Proposition II: Intrinsic Motivation Entails Dynamic Switching between Brain Networks for Salience Detection, Attentional Control and Self-Referential Cognition
A complementary approach to theorizing about the neural systems that support intrinsic motivation is to map its phenomenology with the activity of large-scale neural networks (Ryan and Di Domenico, 2016). Research on structural and functional brain organization has revealed multiple large-scale brain networks that support various cognitive functions (Bressler and Menon, 2010). Among these is the so-called salience network, which is believed to support the detection of subjectively important events and the mobilization of attentional and working memory resources in the service of goal-directed behavior (Menon and Uddin, 2010; Menon, 2015). The salience network is anchored in the anterior insula (AI) and dorsal ACC and includes major subcortical nodes in the amygdala, NAcc, the SN, and VTA. These subcortical nodes are believed to send signals about the motivational significance of stimuli to the AI; the AI in turn is believed to integrate this information with incoming sensory inputs from both the external environment and the viscera for the bottom-up detection of contextually important events. Through its reciprocal connections with the dACC, a key structure for executive control, the AI is believed to selectively amplify neural signals of important events for the effective deployment of cognitive resources.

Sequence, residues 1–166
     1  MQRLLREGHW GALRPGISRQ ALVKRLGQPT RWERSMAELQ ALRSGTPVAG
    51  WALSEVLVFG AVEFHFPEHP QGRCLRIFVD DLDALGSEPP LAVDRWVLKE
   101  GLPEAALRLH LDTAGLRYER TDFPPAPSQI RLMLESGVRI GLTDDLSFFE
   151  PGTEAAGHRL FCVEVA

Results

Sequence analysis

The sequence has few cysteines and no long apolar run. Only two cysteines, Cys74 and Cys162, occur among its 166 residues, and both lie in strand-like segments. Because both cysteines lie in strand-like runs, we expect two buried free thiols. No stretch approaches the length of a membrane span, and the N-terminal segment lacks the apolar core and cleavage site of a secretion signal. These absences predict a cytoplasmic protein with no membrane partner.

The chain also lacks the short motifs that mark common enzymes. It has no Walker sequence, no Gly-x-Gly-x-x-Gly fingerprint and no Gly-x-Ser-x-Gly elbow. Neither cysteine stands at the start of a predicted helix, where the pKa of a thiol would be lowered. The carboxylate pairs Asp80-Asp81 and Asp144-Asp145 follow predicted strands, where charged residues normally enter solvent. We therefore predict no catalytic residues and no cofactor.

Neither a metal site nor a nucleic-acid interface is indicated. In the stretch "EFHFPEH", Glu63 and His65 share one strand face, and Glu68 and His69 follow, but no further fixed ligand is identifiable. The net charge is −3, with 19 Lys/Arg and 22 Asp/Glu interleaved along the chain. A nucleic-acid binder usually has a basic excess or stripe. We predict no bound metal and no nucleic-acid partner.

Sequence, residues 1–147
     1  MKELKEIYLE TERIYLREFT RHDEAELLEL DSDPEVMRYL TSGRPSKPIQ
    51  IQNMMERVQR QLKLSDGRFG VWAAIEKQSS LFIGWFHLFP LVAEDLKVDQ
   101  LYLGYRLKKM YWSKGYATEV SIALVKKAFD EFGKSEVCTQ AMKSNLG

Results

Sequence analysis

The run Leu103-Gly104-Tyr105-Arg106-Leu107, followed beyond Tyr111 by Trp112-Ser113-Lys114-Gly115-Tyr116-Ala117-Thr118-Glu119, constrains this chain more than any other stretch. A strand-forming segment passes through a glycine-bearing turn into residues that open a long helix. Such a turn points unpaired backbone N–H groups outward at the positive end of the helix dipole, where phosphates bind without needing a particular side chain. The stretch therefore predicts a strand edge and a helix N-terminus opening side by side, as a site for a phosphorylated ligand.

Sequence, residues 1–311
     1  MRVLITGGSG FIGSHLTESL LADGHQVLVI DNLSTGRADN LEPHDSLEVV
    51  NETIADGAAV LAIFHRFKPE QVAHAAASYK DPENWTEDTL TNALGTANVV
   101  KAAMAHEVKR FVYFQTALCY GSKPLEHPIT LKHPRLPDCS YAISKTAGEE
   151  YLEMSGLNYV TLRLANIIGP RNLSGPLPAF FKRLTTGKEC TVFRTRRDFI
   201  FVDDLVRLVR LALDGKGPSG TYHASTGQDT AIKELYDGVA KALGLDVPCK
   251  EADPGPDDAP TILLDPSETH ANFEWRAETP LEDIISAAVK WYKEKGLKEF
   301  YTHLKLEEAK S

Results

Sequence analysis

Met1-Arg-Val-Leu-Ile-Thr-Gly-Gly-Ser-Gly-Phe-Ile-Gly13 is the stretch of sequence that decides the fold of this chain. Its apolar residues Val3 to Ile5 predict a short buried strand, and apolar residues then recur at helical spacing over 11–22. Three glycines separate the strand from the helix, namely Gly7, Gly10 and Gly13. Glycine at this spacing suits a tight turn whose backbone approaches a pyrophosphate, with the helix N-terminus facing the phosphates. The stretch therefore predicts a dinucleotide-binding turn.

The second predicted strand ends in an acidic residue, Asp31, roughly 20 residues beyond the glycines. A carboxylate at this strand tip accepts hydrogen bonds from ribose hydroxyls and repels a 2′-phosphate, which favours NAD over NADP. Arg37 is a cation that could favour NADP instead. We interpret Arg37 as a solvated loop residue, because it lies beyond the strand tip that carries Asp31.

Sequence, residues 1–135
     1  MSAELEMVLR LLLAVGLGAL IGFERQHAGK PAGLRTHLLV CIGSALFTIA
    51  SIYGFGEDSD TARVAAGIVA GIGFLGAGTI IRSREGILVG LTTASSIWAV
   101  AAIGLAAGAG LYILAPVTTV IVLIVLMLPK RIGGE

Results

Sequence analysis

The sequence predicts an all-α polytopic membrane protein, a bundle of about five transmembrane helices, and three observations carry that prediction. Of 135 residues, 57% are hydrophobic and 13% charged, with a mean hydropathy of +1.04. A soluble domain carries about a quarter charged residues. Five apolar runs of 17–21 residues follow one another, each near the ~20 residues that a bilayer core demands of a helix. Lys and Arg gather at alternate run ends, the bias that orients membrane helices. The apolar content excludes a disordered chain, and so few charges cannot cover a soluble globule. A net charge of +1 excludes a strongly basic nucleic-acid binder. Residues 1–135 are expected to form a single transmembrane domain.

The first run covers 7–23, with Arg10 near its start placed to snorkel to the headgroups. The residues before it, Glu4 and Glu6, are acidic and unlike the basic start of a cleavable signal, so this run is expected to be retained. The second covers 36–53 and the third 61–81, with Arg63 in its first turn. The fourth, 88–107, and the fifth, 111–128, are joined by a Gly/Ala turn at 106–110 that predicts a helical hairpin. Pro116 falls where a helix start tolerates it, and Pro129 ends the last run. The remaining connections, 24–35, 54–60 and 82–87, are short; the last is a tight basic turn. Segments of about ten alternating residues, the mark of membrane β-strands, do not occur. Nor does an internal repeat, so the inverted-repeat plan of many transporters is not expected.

Little is presently known about the specific role of dopamine in the functioning of the salience network. However, AI does receive inputs from the amygdala, the likely source of the motivational salience signals sent to dopamine neurons in the midbrain, from the ventral striatum, which receives dopaminergic projections from the midbrain, and from the SN and the VTA, the midbrain regions from which dopamine neurons originate (Bromberg-Martin et al., 2010; Menon and Uddin, 2010; Menon, 2015). Additionally, the AI has reciprocal connections with the dACC, which likely receives direct input from both value- and salience-coding dopamine neurons (Bromberg-Martin et al., 2010). These connections imply that the AI may play a role in contextualizing the signals of motivational significance transmitted by both value- and salience-coding dopamine neurons. Most relevant in this regard is the suggestion that the AI functions as a dynamic hub for modulating the activity of two other large-scale brain networks (Menon and Uddin, 2010; Menon, 2015). The first, known as the default mode network, has major nodes in the MPFC and the posterior cingulate cortex (PCC). These regions show high levels of activity during passive resting states (Gusnard and Raichle, 2001), tasks involving internally-focused, self-referential cognition (Northoff et al., 2006), and mind-wandering (Mason et al., 2007). The second, known as the central executive network, includes the DLPFC and the posterior parietal cortex (PPC). The regions of this network, which are important substrates of working memory and executive functions, typically show elevated activity during cognitively demanding, externally-focused tasks. Importantly, activity across the default mode and central executive networks often fluctuates in an antagonistic manner, such that activity in one is often accompanied by suppressed activity in the other.